Sitemap and wireframes to determine overall flow
Solo designer: Re-design, discovery and ideation, interaction design and prototyping
1 User researcher
1 Lead Full-stack Developer
Web - Desktop, Tablet, Mobile
The problem at hand
Pride Places is aimed to help small businesses, that are LGBTQ+ friendly, a place to market and promote their stores. We want to help them concentrate more on their customers and worry less on expenses, marketing, and other business aspects that take away from their services.
How can we help business owners easily identify and manage their billing cycles? Can we make switching subscription plans more straightforward and hassle free where they can see everything at a glance?
The current designs makes it difficult to upgrade (or downgrade) their plans as it's hidden within "Active Listings", which isn't straightforward. We lacked a page to update or even manage payment methods used which was extremely frustrating while I was looking throughout the product. The time spent looking for these elements is precious time that could be used on the services the businesses offer. For mobile, the features listed in each subscription plan isn't built to compare between options.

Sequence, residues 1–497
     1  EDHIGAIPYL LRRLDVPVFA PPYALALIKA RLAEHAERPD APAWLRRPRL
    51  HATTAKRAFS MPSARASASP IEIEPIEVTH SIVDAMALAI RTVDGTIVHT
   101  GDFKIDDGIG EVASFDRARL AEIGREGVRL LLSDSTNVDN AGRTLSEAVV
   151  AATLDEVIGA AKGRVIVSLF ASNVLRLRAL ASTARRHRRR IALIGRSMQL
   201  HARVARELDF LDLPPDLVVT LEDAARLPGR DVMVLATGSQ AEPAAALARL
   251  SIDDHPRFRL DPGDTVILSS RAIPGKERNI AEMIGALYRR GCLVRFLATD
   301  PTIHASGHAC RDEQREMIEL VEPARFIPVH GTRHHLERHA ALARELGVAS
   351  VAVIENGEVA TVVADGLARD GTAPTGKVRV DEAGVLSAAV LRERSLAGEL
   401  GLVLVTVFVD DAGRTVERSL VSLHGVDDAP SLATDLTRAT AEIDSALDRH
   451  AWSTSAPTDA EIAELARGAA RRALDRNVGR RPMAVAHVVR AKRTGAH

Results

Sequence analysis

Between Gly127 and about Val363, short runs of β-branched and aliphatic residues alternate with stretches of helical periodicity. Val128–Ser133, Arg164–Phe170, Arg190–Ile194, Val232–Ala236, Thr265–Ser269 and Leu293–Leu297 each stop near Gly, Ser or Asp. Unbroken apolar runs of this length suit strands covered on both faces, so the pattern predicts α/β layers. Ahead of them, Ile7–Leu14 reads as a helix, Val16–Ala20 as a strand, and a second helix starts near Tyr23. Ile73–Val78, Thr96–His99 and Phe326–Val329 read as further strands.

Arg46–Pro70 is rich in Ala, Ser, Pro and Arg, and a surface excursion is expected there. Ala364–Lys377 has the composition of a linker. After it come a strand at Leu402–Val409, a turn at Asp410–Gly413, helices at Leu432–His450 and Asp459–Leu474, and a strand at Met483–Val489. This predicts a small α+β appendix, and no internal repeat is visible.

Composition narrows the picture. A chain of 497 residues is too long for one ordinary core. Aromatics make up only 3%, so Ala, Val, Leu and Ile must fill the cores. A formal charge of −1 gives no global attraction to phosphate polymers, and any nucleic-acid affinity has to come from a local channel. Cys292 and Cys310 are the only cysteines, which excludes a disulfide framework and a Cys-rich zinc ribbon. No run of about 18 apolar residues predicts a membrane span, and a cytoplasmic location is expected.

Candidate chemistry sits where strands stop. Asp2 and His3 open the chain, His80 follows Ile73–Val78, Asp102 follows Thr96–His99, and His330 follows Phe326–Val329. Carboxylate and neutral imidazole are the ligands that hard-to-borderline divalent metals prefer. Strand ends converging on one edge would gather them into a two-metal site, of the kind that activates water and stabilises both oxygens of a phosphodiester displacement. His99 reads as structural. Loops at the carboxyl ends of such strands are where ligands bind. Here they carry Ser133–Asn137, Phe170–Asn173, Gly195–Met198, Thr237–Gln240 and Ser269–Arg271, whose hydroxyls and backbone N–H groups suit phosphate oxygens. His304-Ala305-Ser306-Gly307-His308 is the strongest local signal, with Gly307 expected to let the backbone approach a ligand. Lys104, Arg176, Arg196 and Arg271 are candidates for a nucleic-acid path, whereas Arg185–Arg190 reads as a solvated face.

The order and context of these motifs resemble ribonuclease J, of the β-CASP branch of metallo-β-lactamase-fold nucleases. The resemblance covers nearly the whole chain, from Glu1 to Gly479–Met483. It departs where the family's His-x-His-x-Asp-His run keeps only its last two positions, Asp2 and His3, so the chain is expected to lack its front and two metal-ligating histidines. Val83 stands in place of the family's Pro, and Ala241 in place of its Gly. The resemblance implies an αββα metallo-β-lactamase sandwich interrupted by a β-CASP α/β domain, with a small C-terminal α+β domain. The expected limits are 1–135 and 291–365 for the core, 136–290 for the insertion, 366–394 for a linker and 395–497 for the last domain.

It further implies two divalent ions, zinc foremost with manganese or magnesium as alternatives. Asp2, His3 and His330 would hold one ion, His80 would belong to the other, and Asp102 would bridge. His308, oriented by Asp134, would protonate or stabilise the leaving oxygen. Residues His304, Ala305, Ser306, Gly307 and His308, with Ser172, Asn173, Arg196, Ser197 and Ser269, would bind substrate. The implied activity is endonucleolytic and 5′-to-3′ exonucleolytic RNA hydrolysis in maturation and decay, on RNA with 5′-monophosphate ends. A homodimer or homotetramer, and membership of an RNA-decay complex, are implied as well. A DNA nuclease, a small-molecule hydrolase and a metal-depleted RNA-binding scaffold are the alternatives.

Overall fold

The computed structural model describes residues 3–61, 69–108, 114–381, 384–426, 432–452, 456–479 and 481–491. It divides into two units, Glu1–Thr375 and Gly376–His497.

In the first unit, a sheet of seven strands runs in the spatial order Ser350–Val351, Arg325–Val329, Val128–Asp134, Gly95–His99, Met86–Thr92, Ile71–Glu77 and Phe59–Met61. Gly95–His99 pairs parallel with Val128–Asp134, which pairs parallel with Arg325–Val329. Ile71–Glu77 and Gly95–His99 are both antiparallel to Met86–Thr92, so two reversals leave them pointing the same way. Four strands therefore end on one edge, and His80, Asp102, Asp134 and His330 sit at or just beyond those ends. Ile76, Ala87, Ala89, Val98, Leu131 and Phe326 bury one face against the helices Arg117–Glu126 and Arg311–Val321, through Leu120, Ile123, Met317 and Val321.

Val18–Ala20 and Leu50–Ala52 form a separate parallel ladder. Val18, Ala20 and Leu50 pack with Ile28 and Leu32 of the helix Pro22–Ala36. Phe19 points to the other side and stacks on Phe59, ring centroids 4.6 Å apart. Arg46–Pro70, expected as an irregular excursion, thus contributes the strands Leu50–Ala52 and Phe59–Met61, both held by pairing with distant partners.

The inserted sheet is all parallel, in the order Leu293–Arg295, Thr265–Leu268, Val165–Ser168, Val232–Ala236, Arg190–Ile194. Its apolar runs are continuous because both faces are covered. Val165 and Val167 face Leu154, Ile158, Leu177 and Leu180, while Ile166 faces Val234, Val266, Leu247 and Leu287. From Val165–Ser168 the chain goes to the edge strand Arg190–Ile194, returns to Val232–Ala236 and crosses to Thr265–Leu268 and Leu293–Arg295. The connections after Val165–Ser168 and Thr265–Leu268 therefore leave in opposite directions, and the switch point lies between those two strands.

This page can also use some modern UI, so let's try to change this!
Organizing my thoughts
As an intern, I didn't have a full understanding of our product yet so I did my own user testing on myself. Of course, there's some bias there, but doing this allowed me to find major issues with a few important areas.
I broke this down into 3 parts: Invoices, Manage Billings, and Update Subscription Plan. They all have to do with the billings sections so breaking them up helped me focus on each individual area and its' issues. I compiled a customer journey using information I gathered from using the product and research I compiled from other products that have billings pages and subscription plans.
Stripe Integration Example
I also needed to understand Stripes payment layout to build out a proper flow that seemed like it didn't look out of place. Based on the demo product, I liked the idea of using a "full page" design for the subscription plans which would flow nicely into the payment area (set design and pretty standard).